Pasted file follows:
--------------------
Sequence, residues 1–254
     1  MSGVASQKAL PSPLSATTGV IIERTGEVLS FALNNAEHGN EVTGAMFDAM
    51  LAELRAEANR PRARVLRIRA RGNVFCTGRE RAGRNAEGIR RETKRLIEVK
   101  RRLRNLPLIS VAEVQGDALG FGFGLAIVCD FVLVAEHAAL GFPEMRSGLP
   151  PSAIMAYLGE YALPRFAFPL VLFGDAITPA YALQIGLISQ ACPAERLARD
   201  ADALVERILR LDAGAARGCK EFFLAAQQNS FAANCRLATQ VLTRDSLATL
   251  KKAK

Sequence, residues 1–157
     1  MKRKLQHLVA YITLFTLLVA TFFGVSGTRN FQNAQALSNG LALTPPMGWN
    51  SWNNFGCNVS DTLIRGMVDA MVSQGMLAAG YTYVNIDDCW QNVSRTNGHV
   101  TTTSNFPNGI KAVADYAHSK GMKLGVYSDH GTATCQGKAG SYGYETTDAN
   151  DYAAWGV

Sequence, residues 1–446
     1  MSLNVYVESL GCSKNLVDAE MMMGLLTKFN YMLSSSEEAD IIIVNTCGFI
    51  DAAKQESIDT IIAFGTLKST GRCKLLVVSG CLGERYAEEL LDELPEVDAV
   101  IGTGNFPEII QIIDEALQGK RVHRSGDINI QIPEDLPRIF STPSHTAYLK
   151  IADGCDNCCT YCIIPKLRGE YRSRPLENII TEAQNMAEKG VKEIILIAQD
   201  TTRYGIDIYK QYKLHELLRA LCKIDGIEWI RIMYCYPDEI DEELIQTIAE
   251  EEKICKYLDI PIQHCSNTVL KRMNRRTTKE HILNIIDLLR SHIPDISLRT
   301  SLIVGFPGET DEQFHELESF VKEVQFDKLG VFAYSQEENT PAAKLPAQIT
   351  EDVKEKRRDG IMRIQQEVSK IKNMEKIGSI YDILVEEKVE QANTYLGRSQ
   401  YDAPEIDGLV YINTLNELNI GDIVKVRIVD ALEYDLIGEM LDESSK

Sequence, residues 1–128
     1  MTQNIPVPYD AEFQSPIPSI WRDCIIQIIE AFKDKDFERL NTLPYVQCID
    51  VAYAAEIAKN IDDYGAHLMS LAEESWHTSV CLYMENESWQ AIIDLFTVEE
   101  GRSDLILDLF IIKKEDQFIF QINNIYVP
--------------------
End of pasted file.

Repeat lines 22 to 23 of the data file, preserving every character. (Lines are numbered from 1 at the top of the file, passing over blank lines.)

   401  YDAPEIDGLV YINTLNELNI GDIVKVRIVD ALEYDLIGEM LDESSK

Sequence, residues 1–128